This week’s sermon involved the conclusion of the story I shared last week. When I was growing up, I prided myself on being the kid who knew the most about the Old Testament. Everyone else was learning stories from the New Testament, while I got excited about all of the amazing things that God did for His chosen people, Israel. And, to be perfectly honest, I think I liked all of the blood and guts. If they were to ever choose to make the book of Judges into a movie, it would easily have an R rating without having to change anything in the storyline. It’s that gory. Great stuff for a pre-teen boy! But I’m on a tangent…
In all of the sermons I’ve sat through, and all of the Sunday school lessons I’ve heard, I don’t even remember hearing about Hezekiah (other than knowing it was a really cool name), let alone the siege. And there is so much about it. Not only that, but the whole account of Hezekiah and his reforms, sparking a revival in Judah, will definitely preach! But I hadn’t heard anything about it until my first year in seminary! Maybe it was discussed in my Old Testament classes in undergrad, but I definitely don’t remember it.
After the service today, one of the ladies stopped as she was leaving and told me that she and her husband had actually been to the tunnel I mentioned the past two weeks! Pretty cool stuff!
You can listen to the message here.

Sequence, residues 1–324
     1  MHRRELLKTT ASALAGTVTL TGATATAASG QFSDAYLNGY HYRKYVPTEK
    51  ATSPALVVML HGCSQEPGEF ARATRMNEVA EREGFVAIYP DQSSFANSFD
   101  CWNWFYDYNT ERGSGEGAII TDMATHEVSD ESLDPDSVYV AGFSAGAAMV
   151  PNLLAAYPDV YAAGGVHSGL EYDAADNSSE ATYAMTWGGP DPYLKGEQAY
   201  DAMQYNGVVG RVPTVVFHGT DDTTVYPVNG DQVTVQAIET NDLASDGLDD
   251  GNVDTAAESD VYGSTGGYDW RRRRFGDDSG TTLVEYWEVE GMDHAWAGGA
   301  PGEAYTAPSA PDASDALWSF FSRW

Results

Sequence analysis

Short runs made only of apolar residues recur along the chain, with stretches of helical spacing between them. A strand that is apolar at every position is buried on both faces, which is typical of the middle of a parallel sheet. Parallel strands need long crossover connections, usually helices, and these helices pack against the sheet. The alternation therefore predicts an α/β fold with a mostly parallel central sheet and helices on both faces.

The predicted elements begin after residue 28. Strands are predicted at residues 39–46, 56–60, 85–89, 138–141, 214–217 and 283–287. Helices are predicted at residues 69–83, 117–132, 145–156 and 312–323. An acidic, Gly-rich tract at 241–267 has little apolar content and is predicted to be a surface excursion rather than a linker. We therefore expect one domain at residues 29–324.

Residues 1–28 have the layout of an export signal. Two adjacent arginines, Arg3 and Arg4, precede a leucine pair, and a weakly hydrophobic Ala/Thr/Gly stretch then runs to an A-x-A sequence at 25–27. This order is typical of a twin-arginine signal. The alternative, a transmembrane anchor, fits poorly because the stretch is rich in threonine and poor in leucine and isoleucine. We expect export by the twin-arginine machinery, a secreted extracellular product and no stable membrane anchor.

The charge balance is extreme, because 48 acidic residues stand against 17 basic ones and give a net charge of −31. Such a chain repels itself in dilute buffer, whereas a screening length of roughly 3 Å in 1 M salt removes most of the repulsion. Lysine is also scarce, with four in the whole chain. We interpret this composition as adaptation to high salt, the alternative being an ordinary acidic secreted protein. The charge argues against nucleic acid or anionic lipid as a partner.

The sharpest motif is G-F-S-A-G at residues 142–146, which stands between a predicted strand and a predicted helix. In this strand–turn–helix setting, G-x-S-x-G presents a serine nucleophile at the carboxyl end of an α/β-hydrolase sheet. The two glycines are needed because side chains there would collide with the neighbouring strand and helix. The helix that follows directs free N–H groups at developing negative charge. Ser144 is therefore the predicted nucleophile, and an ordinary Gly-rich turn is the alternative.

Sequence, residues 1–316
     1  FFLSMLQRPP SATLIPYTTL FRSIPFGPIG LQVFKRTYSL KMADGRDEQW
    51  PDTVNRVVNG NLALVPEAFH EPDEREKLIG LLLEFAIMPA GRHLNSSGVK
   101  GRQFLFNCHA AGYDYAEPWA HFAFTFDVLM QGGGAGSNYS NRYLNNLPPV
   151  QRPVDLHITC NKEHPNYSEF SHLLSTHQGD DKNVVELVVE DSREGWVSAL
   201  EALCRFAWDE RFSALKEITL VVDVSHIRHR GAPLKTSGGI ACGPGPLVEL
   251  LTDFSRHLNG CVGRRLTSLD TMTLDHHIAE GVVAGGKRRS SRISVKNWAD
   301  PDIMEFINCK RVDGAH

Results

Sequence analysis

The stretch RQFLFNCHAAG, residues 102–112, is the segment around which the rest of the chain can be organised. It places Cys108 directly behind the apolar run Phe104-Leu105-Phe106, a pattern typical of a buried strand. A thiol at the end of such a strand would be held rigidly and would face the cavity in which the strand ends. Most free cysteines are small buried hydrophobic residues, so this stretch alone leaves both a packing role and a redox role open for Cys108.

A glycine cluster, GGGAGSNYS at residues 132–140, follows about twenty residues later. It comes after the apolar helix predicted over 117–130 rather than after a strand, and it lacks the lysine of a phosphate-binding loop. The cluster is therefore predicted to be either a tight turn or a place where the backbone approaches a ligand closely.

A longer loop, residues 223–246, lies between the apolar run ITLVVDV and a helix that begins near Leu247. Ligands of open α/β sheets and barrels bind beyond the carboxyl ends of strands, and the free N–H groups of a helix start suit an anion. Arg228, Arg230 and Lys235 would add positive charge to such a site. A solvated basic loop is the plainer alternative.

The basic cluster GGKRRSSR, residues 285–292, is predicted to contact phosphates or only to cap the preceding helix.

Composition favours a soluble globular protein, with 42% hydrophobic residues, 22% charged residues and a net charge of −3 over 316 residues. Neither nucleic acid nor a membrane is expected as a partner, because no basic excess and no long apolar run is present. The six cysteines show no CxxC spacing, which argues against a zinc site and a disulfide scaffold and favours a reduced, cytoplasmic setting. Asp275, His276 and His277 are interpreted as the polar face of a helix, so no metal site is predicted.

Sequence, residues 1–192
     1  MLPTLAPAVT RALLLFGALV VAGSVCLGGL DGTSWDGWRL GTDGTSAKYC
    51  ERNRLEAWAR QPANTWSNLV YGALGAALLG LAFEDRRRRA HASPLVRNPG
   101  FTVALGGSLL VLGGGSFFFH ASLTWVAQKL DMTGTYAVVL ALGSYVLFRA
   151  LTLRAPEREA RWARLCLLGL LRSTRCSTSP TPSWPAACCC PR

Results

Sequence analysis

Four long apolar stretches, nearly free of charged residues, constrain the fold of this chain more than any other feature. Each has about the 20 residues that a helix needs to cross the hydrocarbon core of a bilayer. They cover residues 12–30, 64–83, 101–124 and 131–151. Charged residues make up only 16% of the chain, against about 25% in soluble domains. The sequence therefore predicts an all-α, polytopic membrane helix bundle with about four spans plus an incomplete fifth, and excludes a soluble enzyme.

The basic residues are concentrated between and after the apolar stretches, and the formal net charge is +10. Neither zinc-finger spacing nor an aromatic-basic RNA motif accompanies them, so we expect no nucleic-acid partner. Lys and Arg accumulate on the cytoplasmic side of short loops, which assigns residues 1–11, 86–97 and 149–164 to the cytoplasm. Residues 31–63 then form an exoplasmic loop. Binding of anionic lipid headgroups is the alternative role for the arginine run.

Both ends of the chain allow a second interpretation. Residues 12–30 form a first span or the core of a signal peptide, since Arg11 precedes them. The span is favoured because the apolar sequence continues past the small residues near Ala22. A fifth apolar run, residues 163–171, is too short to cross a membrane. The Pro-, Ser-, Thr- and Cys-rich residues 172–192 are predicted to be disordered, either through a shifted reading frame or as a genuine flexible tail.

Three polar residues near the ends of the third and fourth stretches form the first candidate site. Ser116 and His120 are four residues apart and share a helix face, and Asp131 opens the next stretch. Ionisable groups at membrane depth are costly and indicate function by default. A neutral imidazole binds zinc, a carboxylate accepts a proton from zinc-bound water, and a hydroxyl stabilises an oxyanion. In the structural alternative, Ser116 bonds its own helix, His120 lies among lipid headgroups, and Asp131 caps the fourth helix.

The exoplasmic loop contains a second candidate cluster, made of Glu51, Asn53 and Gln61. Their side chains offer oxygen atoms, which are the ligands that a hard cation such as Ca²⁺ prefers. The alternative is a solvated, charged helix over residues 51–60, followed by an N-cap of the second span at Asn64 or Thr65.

We’re continuing our sermon series called Songs of our Lives: a journey through the Psalms, and looking at how the experiences of the people who were worshiping the Lord thousands of years ago are not that different from the experiences we have today in choosing to follow Christ. And how the songs that were written thousands of years ago could very well have been written by you or by me because they express the same emotions and experiences that we go through today. There’s on misperception that people tend to have about the Psalms. Many times, people look at the songs and prayers that were written and think they were written in a vacuum. They think that there was some poet who was sequestered somewhere in the middle of a meadow and he wrote all of these songs. They don’t really apply to anything that has to do with regular life. That couldn’t be further from the truth. Most of the psalms were composed as a result of real-life experiences that caused real-life reactions to how they encountered God. That’s very true in the psalm we’re looking at today.